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About Omaha daily bee. (Omaha [Neb.]) 187?-1922 | View Entire Issue (Jan. 23, 1911)
BRIEF CITY NEWS.
Cool Vrlnt It.
P. J. CiW It Boas CoaL
Tali Tour rrthtlnf to the Times.
rates FhllUppa W atones, Hdohlm. Jeweler.
9u, Kleetrla fixtures. Bim4iulili
Soa't Buff Wltk Cold Feet But buy a
puii in our pur Para Uum Rubbers for
U.00 and keep youi feet warm. The Omaha
Kuhber Co.. K. 11. Kprague, President, ltWS
Harney street. Just around th corner.
Diamond of Quality lidholru. Jeweler.
Hon Caa't Re Bobbed if your valuables
le In our burglar proof vault. A private
lafe for fJ per )iur. Omaha Safe Deposit
Truei Co. lMViane lit Farnain St.
In tli District Court Suit for dlvorv
vvaa filed In district court Saturday morn
inn by Mrs. Minnie Kuhl against John F.
38,000 AntomoMl Damag Bait was r-
lenlly illed. Your ear may cause the next
one. I'hone Crelgh. Haldrlge & Co.. Doug
J"i, fur com of protection.
Web. Saving ft Loaa Ass's management
use every precaution for safety. Funos
loaned uii first mortgagee: best class of
- uiity. IHU7 Farr.am Etreet.
Hegi.gence Keoponslbl for Death Suit
fur heavy damaged won't hurt your credit
it you have one of our liability policies.
1'lione Crelgh, Haldrlge t Co., Douglas WO.
To Strangers Free map of Omaha.
(street Index I with our compliments.
Ural ctttute Title Trust Co., Chaa. E.
Williamson. City National Bank building
OK rather Tim Claims A. D. Keerala
A D. llcgnin, lit years old. died at hi j
home 1N41 Manderson street, early yester
day morning. Funeral arrangements have
nut as yet been made.
JUception for St. Paul Otteit A recep
tion will bo .tendered l Bylvan K. Hess
or M. Paul this afternoon by Mr. and Mrs.
Charles Klischhaum. at 305 Bouth Thirty
eighth street. The hours ure I to (.
Keavy weights for Cold Weather We
are speaking of raincoats and we sell them
fiai fmm till on ltnhhr a.wiHa nf all
kinds. cms ha rtubber Co., b. II. Kprague,
president, liOS Harney street. "Just
around the corner."
Aged Cltlaea Dies la Mospltsl . Joseph
Ihaper, aged w) years, of 196s North Twenty
seventh street, died early yesterday morn
ing at a local hospital. He is survived by
his a lie. The funeral will be held at H
hi in to turn over his pocketbook containing
o clock this morning from Dodder's chapel.
Mrs. Cooistoek Dlea la Soott City
ltov S. Coinsluck of Omaha left yester
day fr rhott Clly to attend Ihe funeral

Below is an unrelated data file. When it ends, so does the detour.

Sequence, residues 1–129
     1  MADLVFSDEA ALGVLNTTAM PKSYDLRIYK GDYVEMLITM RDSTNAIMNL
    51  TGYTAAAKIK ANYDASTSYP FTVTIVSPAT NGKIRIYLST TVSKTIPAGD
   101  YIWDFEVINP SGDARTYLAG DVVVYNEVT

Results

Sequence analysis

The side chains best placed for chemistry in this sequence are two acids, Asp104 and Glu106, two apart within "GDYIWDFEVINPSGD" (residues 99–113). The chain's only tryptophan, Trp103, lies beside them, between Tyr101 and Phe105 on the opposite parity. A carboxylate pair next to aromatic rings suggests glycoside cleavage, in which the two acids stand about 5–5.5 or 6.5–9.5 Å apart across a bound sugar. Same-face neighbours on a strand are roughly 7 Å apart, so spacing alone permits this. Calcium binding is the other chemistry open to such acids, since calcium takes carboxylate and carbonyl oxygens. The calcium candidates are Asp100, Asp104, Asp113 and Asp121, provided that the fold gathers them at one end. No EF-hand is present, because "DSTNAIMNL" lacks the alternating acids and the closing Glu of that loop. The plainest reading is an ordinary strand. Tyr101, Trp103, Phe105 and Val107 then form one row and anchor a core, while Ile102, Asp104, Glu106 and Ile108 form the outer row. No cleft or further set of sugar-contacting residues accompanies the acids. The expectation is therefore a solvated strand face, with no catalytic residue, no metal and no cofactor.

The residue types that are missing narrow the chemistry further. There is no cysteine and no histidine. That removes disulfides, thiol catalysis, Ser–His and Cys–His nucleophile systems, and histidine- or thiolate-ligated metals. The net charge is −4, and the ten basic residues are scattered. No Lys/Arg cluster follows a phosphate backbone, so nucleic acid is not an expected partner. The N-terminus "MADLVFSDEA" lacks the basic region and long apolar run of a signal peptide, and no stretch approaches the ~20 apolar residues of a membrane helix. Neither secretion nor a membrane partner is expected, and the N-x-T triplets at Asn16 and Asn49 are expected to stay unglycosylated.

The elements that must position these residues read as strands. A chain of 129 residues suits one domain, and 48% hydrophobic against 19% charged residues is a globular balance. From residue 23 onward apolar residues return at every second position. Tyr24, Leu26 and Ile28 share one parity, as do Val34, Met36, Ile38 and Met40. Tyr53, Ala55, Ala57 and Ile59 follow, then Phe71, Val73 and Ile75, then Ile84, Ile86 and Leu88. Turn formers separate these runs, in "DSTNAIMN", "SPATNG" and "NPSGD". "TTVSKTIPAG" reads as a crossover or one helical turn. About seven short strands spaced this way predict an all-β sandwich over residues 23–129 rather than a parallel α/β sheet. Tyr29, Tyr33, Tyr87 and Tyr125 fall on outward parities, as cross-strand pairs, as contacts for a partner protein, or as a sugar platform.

of Ins mother, Mrs. Ueorge U. Comstock,
ne of who death was received yester
day morning. Mr. Cunistock, who was a
plain opeiator in Omaha, died four years
Mrs, Or oss' rnnsral Today Mrs. Mina
.l. Ciwn, ri jears old. tiled Friday night
mi her hoiiu, ;;ui Ohio street. fha Is eur-
tv cd by her husband, K. L. Uroas. and her
i aunts. Mi- and Mrs. 1.. Kenpoole of X9
I'nau.r The funeral will be hold at 2
u clock today from the home of her parent.
I.niial will be at Forest Lawn cemetery.
Xoldnp Oets XT J. 11. Noble. 1177
... milling vlreet told the police last
nifcUl he was held up near Twenty-fourth
and Hurl blieels aloul t o'clock, and re
lieved of his pocketbook containing $17.
Noble a there were three bandit and
that one of iheiu was armed. He said he
scuffled with Ihe highwaymen, but was
I or either acute or enronto kidney dla
odcis for annoying and painful urinary
ii i evularitles take Foley Kidney Pills As
bluest sud effective medicine for kidney
sad binder '"order Sold by all drug-slats.
This will be the greatest opportunity you have had to see a collection of
Luther Burbank's creations in Omaha. Whether or not you are interested in
Floriculture, Agriculture or Horticulture, you should visit the exhibit and see
a complete display of productions of this world famous man. This display
will be a part of the exhibit of the
Standard Road of the West
It will contain cherries, grapes, peas, beans, asparagus, flowers
collection of spineless cacti which provides food for both
AodlltioFiTLEirtL, Oroalna, Neb., Janoaiiy 13-28, 19)11
SCHOOL AND COLLEGE WORK
Midwinter Activities in Various Edu-
PROGRESS IN TEACHING METHODS
Deniestle Sclenee Draw Larse Nan,
bers ta Evening; School In New
Ynrk Item ot General
This I the clo of the first winter term
of Fremont college. Examinations have
been taken and the term theses have bten
given. The second winter term will be
organised. The term just closed has been
most satisfactory. While the capacity of
the teaching force has been greatly taxed.
they have found an inspiration In numbers
that has helfied them wonderfully. The
school Is booming and the spirit of the
strenuous president seems to permeate the
whole student body, which proves that It
Is better to teach by example than by pre
cept. Once every week Mr. Clemmons calls
hi faculty together and sometime oftener.
as the occasion may require, and thus he
keeps himself In touch with every tndl
vldual attending school. Should there be
recalcitrants, they are Immediately called
to the private office; should there be ab
sentees, they are required to get an excuse
from the president, which Is given only
after a rigid examination Into the facts In
the case. If a student la belligerent, per
nicious and I her for no good, he is sent
home, but on the other hand If he I
backward In his work, apparently disin
terested, and somewhat obstreperous, the
whole force rallies to his support and It
Is most Interesting to witness what wonder
ful changes take place In the student much
to the gratification ' of the parent, the
teachers, and to the student himself.
Young people as a rule coming to the
Fremont college come to work, and there
la no foolishness. The majority of them
earn their own money, pay their own ex
penses and are eager, to work. As they
pass from one term to the' next, taking
up new work, they show no weariness un
til their time Is up and their money Is
gone, when they go out. only to make
more money to get more schooling until
their work is finished, and they take the
place In the world, which their work has
fitted them for.
Mr. Fred L. feinlth of Aurora, a scientific
of 1914, visited at the college over Sunday.